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Diabetes Mellitus

Diabetes mellitus is a pathology that increases greatly in frequency with age, due to the changes of aging itself, concomitant diseases and medications that can increase blood sugar levels. Chronic hyperglycaemia is a silent disease, which over the years affects the circulatory system (lower limbs, heart, brain) as well as the peripheral nerves, the kidneys and the eyes. It also has an influence as a risk factor for dementia, depression, falls, disability, incontinence, malnutrition, dehydration, being also associated with an increase in infectious processes, chronic pain or pressure ulcers, all of which affect the quality of life.

For all these reasons, early detection and appropriate hygienic and dietary measures, together with an individualised therapeutic plan, can greatly delay the complications described.

- Diet appropriate to the activity performed and weight, depending on age and sex. Changes in taste and appetite, alterations in teeth and digestive function with ageing, as well as the ability to buy and prepare food, must be known.

We recommend 45-65% of sugars (avoiding those that are rapidly absorbed, present in sweet products, pastries, chocolates...), 20-35% of fats, reducing saturated fats, and 10-35% of proteins. The intake can be distributed 20% at breakfast, 30% at lunch and dinner, 10% at the snack and 5% at lunch and dinner

The intake of 20-40 g of soluble fibre from vegetables, pulses and fruit, the consumption of wholemeal cereals, nuts and dried fruit and the use of olive oil are beneficial. A moderate consumption of alcohol, somewhat less in women, is indicated.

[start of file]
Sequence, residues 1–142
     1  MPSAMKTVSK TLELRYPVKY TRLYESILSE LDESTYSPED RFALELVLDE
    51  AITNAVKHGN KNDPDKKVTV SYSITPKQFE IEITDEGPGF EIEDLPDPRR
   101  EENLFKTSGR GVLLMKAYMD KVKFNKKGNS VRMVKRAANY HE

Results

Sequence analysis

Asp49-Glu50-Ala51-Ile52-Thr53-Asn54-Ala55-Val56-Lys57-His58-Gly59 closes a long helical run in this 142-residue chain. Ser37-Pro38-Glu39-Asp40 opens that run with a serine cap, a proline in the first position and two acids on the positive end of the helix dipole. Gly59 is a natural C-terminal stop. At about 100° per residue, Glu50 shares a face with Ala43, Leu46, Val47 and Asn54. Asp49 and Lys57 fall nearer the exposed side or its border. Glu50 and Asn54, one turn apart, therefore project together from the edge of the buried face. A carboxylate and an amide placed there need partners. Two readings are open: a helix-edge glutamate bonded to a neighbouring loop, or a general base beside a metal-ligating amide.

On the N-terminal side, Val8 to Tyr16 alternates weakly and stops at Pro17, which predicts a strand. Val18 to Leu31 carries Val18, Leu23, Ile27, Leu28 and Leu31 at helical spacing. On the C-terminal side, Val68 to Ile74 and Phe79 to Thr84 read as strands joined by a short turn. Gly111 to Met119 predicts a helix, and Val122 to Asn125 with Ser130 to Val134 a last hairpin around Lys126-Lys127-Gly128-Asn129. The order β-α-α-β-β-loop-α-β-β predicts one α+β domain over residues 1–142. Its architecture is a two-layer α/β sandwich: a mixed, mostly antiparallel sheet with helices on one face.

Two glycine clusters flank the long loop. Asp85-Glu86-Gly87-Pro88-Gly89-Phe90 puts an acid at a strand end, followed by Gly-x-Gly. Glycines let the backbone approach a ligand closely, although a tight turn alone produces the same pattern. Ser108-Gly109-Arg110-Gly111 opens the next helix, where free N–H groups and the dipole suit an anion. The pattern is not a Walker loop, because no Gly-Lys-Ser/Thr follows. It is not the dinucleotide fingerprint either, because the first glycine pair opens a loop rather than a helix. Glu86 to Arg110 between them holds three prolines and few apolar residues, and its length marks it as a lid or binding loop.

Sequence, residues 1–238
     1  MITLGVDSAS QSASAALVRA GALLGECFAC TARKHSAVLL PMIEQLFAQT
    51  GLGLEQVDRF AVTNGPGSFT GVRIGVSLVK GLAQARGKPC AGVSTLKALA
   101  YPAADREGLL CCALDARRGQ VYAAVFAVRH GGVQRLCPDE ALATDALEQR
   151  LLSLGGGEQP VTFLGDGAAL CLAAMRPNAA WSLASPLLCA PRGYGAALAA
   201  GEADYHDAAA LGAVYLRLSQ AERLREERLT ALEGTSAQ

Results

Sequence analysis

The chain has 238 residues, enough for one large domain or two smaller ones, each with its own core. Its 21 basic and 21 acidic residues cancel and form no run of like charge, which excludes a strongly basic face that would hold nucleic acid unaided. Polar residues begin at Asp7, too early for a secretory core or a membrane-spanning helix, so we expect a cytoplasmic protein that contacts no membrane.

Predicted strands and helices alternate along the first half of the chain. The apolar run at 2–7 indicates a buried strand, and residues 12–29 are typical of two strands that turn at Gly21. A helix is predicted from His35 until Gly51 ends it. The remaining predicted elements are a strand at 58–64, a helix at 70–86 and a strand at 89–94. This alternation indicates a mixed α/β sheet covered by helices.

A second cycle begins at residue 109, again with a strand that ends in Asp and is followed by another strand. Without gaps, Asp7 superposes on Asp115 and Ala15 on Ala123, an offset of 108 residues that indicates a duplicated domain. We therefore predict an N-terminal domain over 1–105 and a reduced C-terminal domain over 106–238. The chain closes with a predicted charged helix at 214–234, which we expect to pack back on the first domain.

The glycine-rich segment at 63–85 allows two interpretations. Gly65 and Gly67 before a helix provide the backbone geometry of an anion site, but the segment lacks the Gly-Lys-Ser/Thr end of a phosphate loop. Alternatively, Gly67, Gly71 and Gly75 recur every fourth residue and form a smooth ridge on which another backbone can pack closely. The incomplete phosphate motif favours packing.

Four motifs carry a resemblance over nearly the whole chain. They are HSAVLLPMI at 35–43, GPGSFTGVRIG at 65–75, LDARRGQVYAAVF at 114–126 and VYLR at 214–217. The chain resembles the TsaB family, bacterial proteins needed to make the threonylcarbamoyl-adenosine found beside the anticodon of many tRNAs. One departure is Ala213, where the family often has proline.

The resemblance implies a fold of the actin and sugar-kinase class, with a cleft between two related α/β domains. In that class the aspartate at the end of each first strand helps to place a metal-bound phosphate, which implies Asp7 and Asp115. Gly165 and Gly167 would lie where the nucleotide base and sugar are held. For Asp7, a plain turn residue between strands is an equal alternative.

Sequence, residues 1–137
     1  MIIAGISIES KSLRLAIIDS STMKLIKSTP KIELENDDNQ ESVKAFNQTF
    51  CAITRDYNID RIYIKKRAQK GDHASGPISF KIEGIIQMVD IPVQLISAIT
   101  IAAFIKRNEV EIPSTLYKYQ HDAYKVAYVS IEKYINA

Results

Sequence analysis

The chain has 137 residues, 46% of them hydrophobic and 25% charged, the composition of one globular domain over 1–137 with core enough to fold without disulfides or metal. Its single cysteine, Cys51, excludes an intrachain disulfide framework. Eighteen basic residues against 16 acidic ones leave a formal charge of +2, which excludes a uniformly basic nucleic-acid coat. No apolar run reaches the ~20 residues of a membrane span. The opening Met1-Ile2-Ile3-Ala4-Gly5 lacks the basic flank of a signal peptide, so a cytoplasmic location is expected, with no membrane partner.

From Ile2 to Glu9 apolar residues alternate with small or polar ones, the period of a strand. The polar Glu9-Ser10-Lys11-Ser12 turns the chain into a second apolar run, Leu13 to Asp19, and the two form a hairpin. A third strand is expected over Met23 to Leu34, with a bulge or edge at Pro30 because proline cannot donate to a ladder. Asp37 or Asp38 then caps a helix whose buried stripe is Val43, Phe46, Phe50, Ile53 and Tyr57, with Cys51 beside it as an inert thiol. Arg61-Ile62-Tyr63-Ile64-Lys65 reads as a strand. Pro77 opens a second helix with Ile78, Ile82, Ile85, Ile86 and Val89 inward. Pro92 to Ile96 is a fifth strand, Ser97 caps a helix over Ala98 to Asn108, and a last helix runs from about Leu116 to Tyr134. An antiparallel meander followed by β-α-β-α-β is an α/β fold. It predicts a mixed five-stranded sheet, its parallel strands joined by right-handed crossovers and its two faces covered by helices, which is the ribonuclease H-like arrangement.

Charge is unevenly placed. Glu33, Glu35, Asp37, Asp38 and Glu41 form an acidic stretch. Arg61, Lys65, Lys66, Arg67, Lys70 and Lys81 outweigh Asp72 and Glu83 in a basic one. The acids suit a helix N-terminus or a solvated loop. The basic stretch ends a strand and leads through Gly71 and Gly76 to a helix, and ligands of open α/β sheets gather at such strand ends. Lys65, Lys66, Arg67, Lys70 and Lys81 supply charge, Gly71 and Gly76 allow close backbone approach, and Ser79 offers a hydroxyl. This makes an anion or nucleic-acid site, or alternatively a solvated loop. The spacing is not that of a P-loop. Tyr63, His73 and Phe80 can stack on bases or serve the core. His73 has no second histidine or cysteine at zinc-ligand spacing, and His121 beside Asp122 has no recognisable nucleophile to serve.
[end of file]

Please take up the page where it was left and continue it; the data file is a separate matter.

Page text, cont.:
In the presence of obesity, a low-calorie diet and an increase in physical activity should be introduced, although in the elderly there is a greater risk related to malnutrition or involuntary weight loss than to overweight or obesity.

- Be physically active, remaining as active as possible as your functional capacity allows. Wandering for at least 30 minutes, 5 days a week, being able to talk, can be a reasonable goal. In the face of the risk of falling or of deconditioning, programmes to strengthen walking and balance can be very useful.

- Carry out periodic ophthalmological controls as indicated by your doctor, for the early detection of retinal, macular or lens alterations, which can greatly reduce visual acuity.

- Care of the feet, with adequate chiropody follow-up, to avoid trauma or wounds that may be complicated by problems of healing.


Doctor from Matia Fundazioa

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